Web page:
The Fourth
Committee on

September 2000

These extracts
show the material
relevant to Gibraltar

UN Press Releases

Extract from UK Press Release GA/SPD/184.

As the Fourth Committee (Special Political and Decolonization) heard petitioners from Non-Self-Governing Territories this morning, both the Chief Minister of Gibraltar and the Leader of the Opposition in that Territory agreed that self-determination for their people was a matter to be decided by the people of Gibraltar alone.

Peter Caruana, the Chief Minister, said it was unhelpful for the Committee to approve, year after year, a resolution calling for dialogue between the United Kingdom -- Gibraltar’s administering Power –- and Spain together for their mutual convenience.

Despite Gibraltar’s desire for dialogue with Spain, it was unreasonable to expect the people of Gibraltar to enter into such a dialogue without a structure that, by denying them a proper place at the table, prejudiced their substantive position and rights.

Noting that Spain and Gibraltar agreed on the need to decolonize the Territory, they disagreed profoundly on how that should be achieved, he said. Only through dialogue, good relations and cooperation with Spain could possible solutions be explored that were acceptable, primarily to the people of Gibraltar, but also to the United Kingdom and Spain.

However, such dialogue must be structured so as to give the people of Gibraltar, as the primary interested party, a proper voice of their own.

Joe Bossano, Leader of the Opposition, said that neither Spain’s veiled threats of hostility to Gibraltar’s aspirations, nor the United Kingdom’s neglect of its Charter obligations, nor the Committee’s indifference to the people repeated calls for justice and recognition of human rights by the people of Gibraltar would deflect them from their path.

The Committee was paying lip service to its duty under the Charter, while turning a blind eye to the connivance of two Member States putting their own national interests above the rights of a colonial people. Only the people of Gibraltar could decide their future -- not the United Kingdom, and not Spain.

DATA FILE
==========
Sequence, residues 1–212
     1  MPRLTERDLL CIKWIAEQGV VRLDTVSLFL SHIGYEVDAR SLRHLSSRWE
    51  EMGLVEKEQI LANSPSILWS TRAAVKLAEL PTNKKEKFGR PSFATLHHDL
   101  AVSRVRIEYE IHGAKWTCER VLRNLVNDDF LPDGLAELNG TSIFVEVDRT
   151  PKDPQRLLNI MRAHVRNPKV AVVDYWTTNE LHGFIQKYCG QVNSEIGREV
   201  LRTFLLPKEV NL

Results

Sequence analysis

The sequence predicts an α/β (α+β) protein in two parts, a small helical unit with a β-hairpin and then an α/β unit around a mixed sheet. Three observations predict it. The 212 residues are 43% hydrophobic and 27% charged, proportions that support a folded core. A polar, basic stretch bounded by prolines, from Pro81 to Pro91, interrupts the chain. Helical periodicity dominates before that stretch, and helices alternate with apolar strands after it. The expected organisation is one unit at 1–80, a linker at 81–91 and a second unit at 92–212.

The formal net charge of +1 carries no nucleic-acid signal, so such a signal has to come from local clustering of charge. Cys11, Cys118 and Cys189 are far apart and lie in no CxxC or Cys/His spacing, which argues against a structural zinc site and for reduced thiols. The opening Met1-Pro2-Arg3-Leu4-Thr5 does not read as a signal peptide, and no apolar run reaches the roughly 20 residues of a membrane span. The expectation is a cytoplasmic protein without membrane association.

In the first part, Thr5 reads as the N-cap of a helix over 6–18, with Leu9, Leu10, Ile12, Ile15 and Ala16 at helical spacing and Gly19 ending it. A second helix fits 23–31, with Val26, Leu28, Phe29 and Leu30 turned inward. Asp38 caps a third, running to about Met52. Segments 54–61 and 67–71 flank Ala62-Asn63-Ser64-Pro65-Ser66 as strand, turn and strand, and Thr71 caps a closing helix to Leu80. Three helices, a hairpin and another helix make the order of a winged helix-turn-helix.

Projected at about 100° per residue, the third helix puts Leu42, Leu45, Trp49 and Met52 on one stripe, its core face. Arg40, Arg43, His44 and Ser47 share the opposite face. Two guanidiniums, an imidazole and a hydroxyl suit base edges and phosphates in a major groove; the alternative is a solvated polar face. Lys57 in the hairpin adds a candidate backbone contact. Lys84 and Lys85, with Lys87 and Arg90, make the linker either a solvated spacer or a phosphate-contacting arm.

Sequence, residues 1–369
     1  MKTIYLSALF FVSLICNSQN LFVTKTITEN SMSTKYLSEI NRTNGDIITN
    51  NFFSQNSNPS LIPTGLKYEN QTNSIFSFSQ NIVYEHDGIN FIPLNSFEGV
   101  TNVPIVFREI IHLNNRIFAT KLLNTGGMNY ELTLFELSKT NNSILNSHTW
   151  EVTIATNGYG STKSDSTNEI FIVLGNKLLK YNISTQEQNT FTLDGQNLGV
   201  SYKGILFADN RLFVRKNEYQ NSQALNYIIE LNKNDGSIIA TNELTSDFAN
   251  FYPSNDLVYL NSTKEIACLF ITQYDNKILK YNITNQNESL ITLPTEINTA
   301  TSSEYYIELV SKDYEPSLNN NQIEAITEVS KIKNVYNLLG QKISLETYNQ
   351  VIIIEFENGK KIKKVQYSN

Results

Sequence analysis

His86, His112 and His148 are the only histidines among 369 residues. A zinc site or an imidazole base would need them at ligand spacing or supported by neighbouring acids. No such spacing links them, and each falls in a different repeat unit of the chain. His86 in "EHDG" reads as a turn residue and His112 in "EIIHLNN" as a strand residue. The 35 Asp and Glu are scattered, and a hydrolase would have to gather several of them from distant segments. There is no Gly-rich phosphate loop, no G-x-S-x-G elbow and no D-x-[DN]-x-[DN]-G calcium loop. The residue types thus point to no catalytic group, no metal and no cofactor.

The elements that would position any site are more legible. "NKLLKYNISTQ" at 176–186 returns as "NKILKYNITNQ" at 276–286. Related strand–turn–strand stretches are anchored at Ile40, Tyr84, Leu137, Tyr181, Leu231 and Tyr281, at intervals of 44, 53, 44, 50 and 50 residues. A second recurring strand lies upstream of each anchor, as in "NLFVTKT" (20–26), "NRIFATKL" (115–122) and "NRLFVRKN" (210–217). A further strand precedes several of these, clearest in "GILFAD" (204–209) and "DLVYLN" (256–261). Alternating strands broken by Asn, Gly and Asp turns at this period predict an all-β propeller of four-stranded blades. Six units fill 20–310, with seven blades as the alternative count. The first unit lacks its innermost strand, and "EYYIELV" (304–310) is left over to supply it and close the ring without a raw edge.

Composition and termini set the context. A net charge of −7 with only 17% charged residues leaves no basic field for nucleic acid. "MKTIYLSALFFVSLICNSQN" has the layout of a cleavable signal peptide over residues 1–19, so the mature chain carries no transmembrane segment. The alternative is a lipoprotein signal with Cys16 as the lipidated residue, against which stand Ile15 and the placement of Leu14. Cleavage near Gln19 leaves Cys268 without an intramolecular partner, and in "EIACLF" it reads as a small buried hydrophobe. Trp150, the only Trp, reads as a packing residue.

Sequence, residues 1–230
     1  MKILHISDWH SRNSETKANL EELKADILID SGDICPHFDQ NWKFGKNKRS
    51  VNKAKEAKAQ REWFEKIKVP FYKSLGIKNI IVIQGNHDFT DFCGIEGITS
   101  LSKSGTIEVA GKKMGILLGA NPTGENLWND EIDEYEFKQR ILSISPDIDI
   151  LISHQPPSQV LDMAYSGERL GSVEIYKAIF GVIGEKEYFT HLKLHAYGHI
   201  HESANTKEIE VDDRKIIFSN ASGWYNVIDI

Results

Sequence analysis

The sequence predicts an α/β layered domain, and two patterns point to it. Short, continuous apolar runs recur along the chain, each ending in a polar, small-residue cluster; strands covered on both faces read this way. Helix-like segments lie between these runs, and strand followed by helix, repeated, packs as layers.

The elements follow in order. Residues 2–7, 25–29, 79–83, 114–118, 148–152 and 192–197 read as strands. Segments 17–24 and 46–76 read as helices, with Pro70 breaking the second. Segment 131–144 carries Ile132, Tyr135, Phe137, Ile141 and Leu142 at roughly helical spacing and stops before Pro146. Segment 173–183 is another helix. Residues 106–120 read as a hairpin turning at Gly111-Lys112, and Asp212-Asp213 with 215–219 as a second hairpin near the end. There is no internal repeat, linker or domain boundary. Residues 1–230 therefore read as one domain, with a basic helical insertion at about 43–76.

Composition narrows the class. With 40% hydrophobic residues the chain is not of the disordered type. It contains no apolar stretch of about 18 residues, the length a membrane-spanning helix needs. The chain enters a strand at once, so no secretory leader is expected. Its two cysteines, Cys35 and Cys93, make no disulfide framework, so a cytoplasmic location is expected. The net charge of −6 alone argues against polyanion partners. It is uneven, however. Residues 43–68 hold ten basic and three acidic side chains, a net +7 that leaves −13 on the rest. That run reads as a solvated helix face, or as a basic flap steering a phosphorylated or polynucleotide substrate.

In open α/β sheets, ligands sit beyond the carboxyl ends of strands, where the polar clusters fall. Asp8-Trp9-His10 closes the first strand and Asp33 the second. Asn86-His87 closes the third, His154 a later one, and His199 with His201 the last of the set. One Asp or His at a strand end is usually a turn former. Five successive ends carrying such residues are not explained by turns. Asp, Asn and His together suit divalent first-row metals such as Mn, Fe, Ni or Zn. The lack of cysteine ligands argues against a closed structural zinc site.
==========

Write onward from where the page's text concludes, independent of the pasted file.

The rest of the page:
He said the Opposition agreed with the Government that Spain had no say in the Territory’s decolonization and that it was a matter between the colonial people and the administering Power. On the other hand, it seemed the height of duplicity for the colonial Power to say that only one option for decolonization was open to Gibraltar, and yet to reject that option. It was tantamount to condemning Gibraltar to perpetual colonial rule.

Extract from UN Press Release GA/SPD/186

SILVIA CORTES (Spain) said she supported the declaration of a Second Decade for the Eradication of Colonialism. In that effort, the occupation of Gibraltar was still a matter of great concern to her country. The position of Spain on this issue had been stated many times, most recently on 14 September, before the General Assembly. Gibraltar is a colony subject to the decolonization process, and to all relevant United Nations resolutions. Spain would not withdraw its rightful claim for sovereignty over it.

There had been no recent progress, and Gibraltar had become a problem for neighbouring areas because of its duty policy on goods. It had become a dumping area and was impoverishing its neighbours because of its financial and corporate systems. The security of the 300,000 residents of those areas had also been adversely affected by the military base. Spain was open to constructive dialogue on the issue and would work with the Committee to end that historical anachronism.

SARAH BAMBER (United Kingdom), speaking in right of reply to the statement by the representative of Spain, said that the British Government’s well-known position on Gibraltar had been stated in the General Assembly on 13 September.

Extract from UN Press Release GA/SPD/187

By a draft decision on Gibraltar (document A/C.4/55/L.4), the General Assembly would take note of the fact that the Ministers for Foreign Affairs of Spain and the United Kingdom hold annual meetings, alternately in each capital, the most recent of which took place in London on 10 December 1997. It would urge both Governments to continue their negotiations with the object of reaching a definitive solution to the problem of Gibraltar.

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